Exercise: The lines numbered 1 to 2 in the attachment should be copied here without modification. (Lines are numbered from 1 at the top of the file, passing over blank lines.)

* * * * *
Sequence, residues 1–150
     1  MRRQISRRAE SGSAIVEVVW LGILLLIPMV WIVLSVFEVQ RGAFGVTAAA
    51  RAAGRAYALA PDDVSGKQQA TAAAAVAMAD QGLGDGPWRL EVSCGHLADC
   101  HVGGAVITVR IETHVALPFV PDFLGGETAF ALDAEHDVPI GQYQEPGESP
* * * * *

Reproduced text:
Sequence, residues 1–150
     1  MRRQISRRAE SGSAIVEVVW LGILLLIPMV WIVLSVFEVQ RGAFGVTAAA